The following table is a breakdown of required (X) RSI Classes for each eligible participant category. View a PDF version of this table here.

Related Supplemental Instruction

CNC Programmer apprentices will take up to 9 college-level classes (450) hours designed by AJAC’s subject matter experts. Class is held one night a week for 4 hours during the fall, winter, and spring (summers off). Classes will vary between in-person and online learning. Each class is worth 5 college credits totaling up to 45 credits upon completion.

CNC Programmer Classes

This apprenticeship provides students the opportunity to learn critical programming skills covering the following subject areas:

  • Technical Drawings, GD&T, and Precision Fits
  • Shop Algebra, Applied Geometry and Trigonometry
  • CAD Fundamentals & Design for Manufacturability
  • Manufacturing Process Related to Project Management
  • Basic Tool Path for Mill & Lathe
  • Multi Axis/Indexing
  • Advanced CNC Programming Techniques

On-the-Job Training Competencies Learned

The graphic above is a guide of tasks and hours for the on-the-job training portion of the program. The 6,000 hours will be completed over the course of the apprenticeship.

We understand this may not be a full-time role for apprentices, as they will be splitting their time between shop and programming. Apprentices have flexibility over the course of the program to complete the guide of tasks and hours.  The apprentice shall be instructed and trained in all operations and methods customarily used on the various machines.

Cost & College Tuition

In Washington State, when you engage in apprenticeship, college tuition is reduced by 50%. In most cases that means classes cost around $275 per quarter, 9 classes total. Roughly $2,475 out-of-pocket cost per apprentice for the entirety of the program.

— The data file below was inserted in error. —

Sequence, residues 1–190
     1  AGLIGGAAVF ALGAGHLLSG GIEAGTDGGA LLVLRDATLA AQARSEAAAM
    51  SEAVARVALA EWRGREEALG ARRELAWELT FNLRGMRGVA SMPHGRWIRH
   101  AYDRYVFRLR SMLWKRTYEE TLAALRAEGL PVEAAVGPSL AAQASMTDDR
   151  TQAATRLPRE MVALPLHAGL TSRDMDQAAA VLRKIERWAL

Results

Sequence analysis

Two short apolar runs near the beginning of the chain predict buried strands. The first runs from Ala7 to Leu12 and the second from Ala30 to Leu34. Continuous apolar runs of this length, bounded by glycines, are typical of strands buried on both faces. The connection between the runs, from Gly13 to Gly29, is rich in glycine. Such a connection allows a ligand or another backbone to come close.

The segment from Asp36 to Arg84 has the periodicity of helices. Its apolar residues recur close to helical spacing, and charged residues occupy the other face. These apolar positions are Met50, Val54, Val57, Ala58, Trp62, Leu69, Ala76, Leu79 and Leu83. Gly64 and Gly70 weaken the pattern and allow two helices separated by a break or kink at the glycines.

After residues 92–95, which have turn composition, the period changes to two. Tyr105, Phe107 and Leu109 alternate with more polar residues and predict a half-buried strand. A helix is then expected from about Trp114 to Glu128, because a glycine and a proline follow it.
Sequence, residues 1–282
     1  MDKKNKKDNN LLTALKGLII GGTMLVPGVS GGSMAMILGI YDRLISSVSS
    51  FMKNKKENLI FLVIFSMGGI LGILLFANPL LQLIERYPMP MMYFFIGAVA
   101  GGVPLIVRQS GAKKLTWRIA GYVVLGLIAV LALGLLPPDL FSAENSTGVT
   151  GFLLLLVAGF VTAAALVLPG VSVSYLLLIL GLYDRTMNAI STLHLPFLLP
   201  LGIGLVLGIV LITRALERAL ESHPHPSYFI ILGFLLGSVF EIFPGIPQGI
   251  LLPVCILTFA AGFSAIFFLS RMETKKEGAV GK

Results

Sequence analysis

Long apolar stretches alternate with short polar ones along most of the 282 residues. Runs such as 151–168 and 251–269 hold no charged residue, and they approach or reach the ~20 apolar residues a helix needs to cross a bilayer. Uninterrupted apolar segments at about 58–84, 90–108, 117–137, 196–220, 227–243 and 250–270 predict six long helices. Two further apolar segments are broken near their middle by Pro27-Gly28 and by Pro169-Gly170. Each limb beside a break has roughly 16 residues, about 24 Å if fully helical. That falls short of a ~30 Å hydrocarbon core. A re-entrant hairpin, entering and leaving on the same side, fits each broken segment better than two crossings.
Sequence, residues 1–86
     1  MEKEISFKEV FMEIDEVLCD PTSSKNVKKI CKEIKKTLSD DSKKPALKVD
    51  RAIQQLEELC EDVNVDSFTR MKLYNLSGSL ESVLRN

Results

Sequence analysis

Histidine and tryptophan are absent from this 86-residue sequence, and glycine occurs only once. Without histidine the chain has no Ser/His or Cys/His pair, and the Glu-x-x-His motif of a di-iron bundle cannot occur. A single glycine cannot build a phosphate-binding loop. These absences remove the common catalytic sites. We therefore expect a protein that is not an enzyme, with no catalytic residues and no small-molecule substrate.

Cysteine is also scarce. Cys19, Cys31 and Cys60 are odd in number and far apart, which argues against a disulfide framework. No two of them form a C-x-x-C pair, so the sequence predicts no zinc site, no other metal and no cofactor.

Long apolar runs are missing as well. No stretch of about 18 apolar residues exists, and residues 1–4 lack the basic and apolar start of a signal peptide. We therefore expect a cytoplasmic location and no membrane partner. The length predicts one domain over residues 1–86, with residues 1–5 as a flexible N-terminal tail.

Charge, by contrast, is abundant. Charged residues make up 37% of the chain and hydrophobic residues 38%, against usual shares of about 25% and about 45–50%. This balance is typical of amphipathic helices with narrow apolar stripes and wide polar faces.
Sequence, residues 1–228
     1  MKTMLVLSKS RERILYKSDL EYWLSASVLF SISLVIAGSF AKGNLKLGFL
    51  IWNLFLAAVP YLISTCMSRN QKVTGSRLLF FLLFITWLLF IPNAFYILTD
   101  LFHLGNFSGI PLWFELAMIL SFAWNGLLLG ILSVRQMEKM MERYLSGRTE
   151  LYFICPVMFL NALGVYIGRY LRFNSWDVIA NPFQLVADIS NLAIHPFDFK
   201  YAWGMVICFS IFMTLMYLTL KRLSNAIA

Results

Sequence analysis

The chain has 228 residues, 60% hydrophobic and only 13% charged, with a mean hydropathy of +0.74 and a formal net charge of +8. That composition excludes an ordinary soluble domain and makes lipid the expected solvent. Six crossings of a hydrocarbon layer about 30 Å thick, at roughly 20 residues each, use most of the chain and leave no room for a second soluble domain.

For AJAC machinist graduates, the cost will be around $1,650. 

Enroll Today!

To reserve your spot in AJAC’s first CNC Programmer Apprenticeship, please complete our online application. After you have submitted your information, an AJAC representative will contact you for next steps.

Lonnie Franklin | 5 Questions

What was the last experience that made you a stronger person?

Making the move back to Seattle was something that made me a stronger person.  Moving and going through a worldwide pandemic at the same time was hard. 2020 has taught me how to rely on those closest to me and find inner peace from within as well as learn how to master a few new meals.

If you could choose anyone, who would you pick as your mentor?

The person I would choose to mentor me would be Lebron James. The reason I am chose Lebron is because his overall growth over the past 17 years has been amazing. I would love to sit and ask questions about his inspirations and what motivates his drive and determination. Speaking to someone who has not had the father figure in his life yet silenced his doubters—I would love this conversation.